Forest Lawn Cemetery Trolley Tours
Forest Lawn Cemetery located in Buffalo, NY is rich in history. Sunday in the Cemetery offers guided trolley and walking tours, by trained docents that include wonderful, informative vignettes.
Hubby and I were Max-free a few weekends back. We decided to take advantage of being puppy-free by taking in some sites in the Buffalo-area that do not allow canine companions. We first went to the Buffalo Zoo. Then after lunch, we headed over to Forest Lawn Cemetery for a Sunday in the Cemetery Trolley Tour.
Now many of you may be scratching your heads – A cemetery tour!? you might ask. But as I have noted in my 100+ Things To Do In Niagara Falls and Buffalo, NY every year, Forest Lawn is both fascinating and beautiful.
Buffalo has a rich history going back to the early 1800s. (See Burning of Buffalo, War of 1812) At the turn of the 20th century, Buffalo was one of the wealthiest cities in the United States (millionaire’s row on Delaware Avenue is now corporate offices, but still a sight to behold!) Those buried in Forest Lawn Cemetery are the history of the Buffalo area (and beyond!)
Forest Lawn Cemetery covers 269 acres, 14 miles of roadway. It is modeled after Parisian cemeteries, and was established in 1849 by Charles E. Clark. A trolley tour is approximately 90 minutes – 2 hours in length. A walking tour is also available. The two tours differ.
We began our tour at the Chapel. Hubby checked us in, and then we went inside where we received a short history of the chapel and crematory.
Our tour was of Civil War Veterans. Our Civil War Historian guide was Keith from Echoes Through Time. I “believe” he teaches at one of the local colleges or universities, but my notes neglected to list where.
There are American soldiers buried in Forest Lawn that served in every American conflict starting with the American Revolution. Specific to the Civil War there are 7 medal of honor winners, 11 Union generals, 140 non-commissioned officers, 140 field officers, and 7 confederate veterans buried in Forest Lawn.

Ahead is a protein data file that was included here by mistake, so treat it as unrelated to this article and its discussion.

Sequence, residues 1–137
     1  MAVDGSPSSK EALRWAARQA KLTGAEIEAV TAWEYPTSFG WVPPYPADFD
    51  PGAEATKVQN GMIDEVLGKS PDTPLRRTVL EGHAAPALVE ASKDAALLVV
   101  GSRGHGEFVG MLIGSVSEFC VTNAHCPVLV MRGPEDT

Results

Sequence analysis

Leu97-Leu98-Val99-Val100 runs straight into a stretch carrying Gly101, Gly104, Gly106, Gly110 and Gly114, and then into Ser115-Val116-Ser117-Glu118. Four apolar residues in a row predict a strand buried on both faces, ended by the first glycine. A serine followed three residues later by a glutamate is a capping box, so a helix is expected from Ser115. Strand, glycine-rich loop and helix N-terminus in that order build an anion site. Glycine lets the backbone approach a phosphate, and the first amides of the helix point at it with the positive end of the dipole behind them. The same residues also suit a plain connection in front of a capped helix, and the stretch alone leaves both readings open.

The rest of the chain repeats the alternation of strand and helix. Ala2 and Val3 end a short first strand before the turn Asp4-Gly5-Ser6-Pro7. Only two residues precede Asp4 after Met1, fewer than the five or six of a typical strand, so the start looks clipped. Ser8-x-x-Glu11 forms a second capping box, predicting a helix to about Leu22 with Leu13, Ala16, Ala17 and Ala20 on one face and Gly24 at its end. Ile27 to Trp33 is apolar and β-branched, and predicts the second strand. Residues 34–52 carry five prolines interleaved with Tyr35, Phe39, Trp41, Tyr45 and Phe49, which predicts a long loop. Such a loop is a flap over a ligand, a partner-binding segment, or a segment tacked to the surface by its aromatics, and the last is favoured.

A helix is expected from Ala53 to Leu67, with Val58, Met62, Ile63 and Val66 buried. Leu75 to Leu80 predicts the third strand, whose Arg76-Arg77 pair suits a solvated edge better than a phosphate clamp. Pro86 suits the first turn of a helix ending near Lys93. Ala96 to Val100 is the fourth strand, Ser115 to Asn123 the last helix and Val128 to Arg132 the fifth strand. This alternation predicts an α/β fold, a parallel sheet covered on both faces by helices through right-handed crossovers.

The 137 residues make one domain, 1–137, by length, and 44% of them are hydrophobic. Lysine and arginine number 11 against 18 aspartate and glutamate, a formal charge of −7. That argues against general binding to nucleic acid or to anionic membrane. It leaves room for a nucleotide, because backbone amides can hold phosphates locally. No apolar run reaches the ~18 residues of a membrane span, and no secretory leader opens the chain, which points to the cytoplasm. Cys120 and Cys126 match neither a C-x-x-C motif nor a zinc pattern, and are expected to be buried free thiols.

At timed stops, a “character” got on board our trolley to give us a short history of the person, and their involvement with the Civil War. One of our stops, included a short history of General Bennett Riley. He was the last military Governor of California before it became a state. Fort Riley in Kansas is named after him.
General Bennett Riley died in 1853, well before the Civil War. However his son, Major Bennett Riley, served in the Confederate Army in the Civil War. A graduate of West Point, he came home to Buffalo after the war to work for the Erie Railroad, and helped develop the Cleveland Waterfront. He died in 1915, and his gravestone sports the Confederate Battle Flag.
Red Jacket was a Seneca Indian and chief of the Wolf clan. He had a long history of negotiating with the British, and he is credited with helping the Americans during the war of 1812.
His grandson, Ely Parker was a Civil War General. He served as the adjutant to General Ulysses S. Grant. He wrote the final draft of the Confederate surrender terms at Appomattox.
Toward the end of the tour, “William Fargo”, who was Mayor of Buffalo got on the trolley and told us a little about his life. He (and his partners) started two “little” companies which you may have heard of: American Express, and Wells Fargo.
Scajaquada Creek runs through Forest Lawn.
When the tour was over, I took a few photographs of some mausoleums. There are many beautiful mausoleums in Forest Lawn Cemetery.
And of course we went over to President Millard Fillmore’s grave.
His first wife is also buried here. She died shortly after he left office, catching a cold that turned to pneumonia while at the swearing in of Franklin Pierce.
The Forest Lawn Cemetery Tour was truly worth the fee. Interesting and informative, the tour captured the history of the time. I actually look forward to taking another Forest Lawn Cemetery Tour soon.
• Disclosure: the links in this post may be affiliate links.
• If you enjoyed this post, be sure to sign up for the Ann’s Entitled Life weekly newsletter, and never miss another article!